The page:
The AFL used its Joint Tactical Information Distribution System (JTIDS) to send and receive information to the F-15 in LINK-16 data format. JTIDS enabled the AFL to receive off-board data and then process and transmit it. The AFL’s on-board sensors also provided a target damage assessment to both airborne and ground-based exercise participants. The JSF system’s ability to obtain information via off-board systems allows the pilot to locate and attack enemy targets without emitting signals, making the aircraft less vulnerable to detection.
In the live-fire exercise, the F-15 did not emit any signals since its target data came from the AFL (JSF), according to Dan Cossano, JSF avionics manager. "The ability to fuse inputs from multiple sensors, and display the information in an easy-to-use format for the pilot and other members of the joint force is a key element of the Boeing JSF mission systems suite," he adds.
This multisensor fusion was demonstrated during earlier flights when the synthetic aperture radar (SAR) and targeting forward-looking infrared (TFLIR) collected target-area information. Automated target-cueing software processed this information to locate and identify the targets. The resulting data was fused to present the pilot with a composite situation display. Additional target information, detected by the electronic warfare sensor, also was fused, allowing the pilot to locate and identify the threats without emitting signals.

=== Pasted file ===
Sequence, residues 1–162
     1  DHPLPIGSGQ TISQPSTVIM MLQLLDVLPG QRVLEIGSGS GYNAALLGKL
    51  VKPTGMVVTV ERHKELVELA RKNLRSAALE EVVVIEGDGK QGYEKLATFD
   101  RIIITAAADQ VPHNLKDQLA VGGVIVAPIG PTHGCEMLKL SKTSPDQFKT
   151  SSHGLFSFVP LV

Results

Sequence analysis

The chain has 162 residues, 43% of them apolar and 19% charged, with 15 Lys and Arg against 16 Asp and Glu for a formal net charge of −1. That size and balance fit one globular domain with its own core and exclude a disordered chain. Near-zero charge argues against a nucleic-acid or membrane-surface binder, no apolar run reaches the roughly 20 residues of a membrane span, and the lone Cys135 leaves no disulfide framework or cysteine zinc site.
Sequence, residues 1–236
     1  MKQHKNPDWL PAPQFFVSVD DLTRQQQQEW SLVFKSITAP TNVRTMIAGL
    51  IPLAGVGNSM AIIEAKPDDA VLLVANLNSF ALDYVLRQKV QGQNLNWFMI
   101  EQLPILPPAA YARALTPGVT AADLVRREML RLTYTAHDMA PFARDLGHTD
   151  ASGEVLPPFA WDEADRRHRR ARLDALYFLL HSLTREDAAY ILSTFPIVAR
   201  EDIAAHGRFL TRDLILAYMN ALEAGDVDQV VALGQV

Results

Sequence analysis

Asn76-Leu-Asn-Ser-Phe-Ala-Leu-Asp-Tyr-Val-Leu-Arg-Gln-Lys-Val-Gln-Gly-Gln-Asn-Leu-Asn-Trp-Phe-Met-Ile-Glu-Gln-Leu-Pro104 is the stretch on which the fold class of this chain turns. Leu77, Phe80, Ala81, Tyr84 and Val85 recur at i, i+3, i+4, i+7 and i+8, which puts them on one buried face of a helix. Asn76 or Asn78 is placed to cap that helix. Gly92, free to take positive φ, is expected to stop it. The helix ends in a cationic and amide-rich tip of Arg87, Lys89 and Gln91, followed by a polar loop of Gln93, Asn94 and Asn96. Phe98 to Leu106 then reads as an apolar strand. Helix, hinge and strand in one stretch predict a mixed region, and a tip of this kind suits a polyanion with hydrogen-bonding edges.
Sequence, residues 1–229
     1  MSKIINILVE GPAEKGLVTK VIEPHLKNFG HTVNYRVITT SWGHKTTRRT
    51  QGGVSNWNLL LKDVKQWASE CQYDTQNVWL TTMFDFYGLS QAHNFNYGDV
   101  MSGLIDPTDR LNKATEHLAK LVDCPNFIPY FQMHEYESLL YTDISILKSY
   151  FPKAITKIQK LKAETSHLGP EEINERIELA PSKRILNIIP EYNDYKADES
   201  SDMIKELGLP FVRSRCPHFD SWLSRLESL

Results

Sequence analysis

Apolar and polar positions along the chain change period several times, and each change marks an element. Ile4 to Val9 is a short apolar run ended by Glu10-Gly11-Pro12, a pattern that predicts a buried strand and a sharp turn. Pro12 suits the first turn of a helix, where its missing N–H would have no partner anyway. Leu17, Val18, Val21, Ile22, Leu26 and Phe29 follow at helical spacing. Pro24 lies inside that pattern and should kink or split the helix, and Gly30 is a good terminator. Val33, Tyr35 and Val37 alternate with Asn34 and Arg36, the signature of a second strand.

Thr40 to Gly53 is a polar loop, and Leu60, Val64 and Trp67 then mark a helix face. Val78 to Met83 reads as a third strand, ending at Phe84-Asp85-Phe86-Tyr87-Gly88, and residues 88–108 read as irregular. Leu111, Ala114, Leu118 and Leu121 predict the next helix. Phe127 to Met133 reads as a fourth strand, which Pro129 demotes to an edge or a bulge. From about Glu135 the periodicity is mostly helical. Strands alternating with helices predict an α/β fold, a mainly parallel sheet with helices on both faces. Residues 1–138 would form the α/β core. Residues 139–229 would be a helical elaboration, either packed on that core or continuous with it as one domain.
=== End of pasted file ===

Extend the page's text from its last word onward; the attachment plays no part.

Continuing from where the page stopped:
Boeing claims to have accomplished each function using COTS equipment. Combining data from multiple sensors helps the pilot more quickly determine target and threat location and take the appropriate "attack" or "evade" steps faster, Timm says, adding, "Our multisensor fusion solution will free the pilot from having to actively manage data flow in the cockpit."